Suntour XCM V3 MLO 29? (2013)

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For over 2 years now, Suntour introduced in the XCM range a model dedicated to 29er mountain bikes, so the Suntour XCM V3-MLO 29? is a entry-level fork for the big wheel off-road machines. It doesn’t sit on the bottom of the list, as the XCT 29er opens the range with a lower price and a larger weight, therefore we are curious what can we expect from the 2013 XCM fork.

In a direct comparison with the 26 inch models, our test subject doesn’t do as well, although the basic principle is identical, relying on a spring and elastomer. The construction pattern is similar, which implies that maybe the spring is to stiff for this fork to offer better performance and as sure as can be, the Preload lever doesn’t give the XCM even the slightest hint of help.

On the trail you will feel less than confortable riding this fork, much less when it comes to bumpy singletracks. The only situation that will favour you is if you weigh 85 kilograms or more, a mass that makes the springs do their work properly. One might think that replacing the spring might do some justice to slimer riders, but it’s more trouble than it’s worth considering that other models, with similar pricing, have the assets that the XCM lacks.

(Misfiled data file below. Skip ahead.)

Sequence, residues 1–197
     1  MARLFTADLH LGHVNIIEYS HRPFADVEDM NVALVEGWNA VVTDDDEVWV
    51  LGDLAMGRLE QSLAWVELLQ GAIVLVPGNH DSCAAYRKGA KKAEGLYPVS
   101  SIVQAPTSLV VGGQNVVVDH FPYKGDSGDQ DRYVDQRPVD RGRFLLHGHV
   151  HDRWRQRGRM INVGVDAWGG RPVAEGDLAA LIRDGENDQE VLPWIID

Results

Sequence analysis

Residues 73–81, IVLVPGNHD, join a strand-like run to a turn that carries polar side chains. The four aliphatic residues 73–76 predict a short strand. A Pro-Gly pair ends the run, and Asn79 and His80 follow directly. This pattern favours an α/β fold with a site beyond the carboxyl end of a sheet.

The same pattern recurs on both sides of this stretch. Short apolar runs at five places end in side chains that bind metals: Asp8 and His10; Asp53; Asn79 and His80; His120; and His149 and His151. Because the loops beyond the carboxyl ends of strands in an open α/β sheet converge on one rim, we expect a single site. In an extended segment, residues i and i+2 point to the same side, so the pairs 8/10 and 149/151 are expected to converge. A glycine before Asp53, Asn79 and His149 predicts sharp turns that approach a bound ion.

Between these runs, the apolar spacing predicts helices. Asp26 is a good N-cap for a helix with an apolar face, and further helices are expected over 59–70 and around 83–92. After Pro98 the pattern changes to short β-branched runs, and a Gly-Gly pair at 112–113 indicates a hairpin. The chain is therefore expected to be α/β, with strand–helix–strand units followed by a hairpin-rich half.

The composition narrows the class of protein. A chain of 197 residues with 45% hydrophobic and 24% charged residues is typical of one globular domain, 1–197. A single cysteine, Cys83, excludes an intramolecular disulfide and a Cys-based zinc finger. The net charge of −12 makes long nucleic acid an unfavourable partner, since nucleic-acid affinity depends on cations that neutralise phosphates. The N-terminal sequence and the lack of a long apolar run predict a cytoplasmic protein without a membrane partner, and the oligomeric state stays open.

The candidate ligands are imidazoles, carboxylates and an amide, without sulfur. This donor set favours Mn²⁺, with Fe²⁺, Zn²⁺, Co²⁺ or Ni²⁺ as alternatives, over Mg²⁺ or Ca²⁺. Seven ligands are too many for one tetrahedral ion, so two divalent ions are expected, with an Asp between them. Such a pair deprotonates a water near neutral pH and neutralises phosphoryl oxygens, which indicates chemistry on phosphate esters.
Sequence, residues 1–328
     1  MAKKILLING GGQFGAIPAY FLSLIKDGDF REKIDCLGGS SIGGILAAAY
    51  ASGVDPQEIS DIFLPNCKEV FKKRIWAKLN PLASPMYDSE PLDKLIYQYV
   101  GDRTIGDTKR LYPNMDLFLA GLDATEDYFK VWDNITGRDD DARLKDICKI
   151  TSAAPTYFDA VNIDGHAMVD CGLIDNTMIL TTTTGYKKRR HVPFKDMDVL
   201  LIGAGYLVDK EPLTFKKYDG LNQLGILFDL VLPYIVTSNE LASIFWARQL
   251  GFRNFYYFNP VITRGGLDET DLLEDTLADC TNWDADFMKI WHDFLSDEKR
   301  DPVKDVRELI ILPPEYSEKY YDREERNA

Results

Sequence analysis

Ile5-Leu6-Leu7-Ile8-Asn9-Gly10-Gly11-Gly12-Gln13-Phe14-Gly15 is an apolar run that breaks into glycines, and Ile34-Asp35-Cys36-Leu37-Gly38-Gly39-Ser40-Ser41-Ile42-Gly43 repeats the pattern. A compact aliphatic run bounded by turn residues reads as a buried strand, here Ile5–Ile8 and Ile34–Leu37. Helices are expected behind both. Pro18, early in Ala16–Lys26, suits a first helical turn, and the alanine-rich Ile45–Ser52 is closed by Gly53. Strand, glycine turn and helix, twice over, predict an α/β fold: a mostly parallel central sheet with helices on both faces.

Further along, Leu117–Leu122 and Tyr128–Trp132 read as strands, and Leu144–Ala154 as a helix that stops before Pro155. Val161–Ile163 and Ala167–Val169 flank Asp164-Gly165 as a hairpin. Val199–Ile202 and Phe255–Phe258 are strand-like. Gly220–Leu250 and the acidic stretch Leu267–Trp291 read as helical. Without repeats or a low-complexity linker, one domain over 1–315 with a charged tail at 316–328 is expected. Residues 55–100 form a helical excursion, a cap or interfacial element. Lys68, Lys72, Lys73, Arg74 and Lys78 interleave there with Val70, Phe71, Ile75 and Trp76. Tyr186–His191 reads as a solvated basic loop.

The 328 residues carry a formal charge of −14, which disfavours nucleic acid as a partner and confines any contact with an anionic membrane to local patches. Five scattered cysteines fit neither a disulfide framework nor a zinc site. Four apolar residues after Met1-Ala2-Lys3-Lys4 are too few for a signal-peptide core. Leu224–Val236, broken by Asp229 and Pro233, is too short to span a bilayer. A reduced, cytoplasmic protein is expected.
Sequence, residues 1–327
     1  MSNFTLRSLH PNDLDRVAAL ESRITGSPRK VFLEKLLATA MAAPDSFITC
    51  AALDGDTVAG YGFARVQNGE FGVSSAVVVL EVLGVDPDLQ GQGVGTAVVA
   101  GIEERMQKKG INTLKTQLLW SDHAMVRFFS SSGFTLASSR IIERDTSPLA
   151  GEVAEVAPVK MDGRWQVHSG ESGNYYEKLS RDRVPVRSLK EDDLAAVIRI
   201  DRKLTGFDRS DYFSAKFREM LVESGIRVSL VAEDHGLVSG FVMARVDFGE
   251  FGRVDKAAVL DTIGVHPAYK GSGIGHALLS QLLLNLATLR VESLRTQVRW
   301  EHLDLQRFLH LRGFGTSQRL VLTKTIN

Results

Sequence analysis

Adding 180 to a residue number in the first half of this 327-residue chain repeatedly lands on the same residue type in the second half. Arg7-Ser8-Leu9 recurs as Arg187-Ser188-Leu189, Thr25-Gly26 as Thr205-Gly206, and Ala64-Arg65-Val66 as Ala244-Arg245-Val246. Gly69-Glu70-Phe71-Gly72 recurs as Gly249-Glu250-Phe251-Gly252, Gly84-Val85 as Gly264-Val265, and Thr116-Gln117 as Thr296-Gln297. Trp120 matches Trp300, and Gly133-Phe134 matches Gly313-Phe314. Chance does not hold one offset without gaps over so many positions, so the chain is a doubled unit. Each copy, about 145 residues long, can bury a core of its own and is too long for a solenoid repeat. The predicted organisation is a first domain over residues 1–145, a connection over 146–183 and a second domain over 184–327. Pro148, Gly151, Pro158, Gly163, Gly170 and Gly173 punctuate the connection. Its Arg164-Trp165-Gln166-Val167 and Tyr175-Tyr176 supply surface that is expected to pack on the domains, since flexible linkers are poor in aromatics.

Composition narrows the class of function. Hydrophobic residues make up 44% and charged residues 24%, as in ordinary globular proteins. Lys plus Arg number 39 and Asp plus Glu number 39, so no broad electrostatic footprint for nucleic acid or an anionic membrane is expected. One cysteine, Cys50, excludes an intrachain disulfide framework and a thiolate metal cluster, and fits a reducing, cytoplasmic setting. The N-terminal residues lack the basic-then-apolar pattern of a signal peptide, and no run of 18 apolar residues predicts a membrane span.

The only adjustement that works like it should is the Lock-Out command of the fork. XCM’s stiffness is decent, allowing just enough movement for the component to surpass it’s estimated lifespan. Stiffness when braking turned out better than in the case of most 26 inch forks, indicating a value of 239.1 Nm/degree, which is even more surprising given that the arms measure 30mm, instead of the regular 32mm.

Weight is what I would call a problem of the XCM, the 2.8 kilograms it weighs competing with the one of a double-crown downhill suspension fork, while performance is modest. Out of the stated 100mm travel, the shocks only cover 89mm.

Stiff, but heavy, XCM V3 ML 29 doesn’t inspire too much freedom while riding, nor does it deliver noticeable performance. If your bike comes specified with this fork, a good idea is to consider an upgrade. Instead, if you consider buying the XCM V3 ML 29, may we suggest you take a look at Rock Shox entry-level range?

Front stiffness: 239,1 Nm/grad

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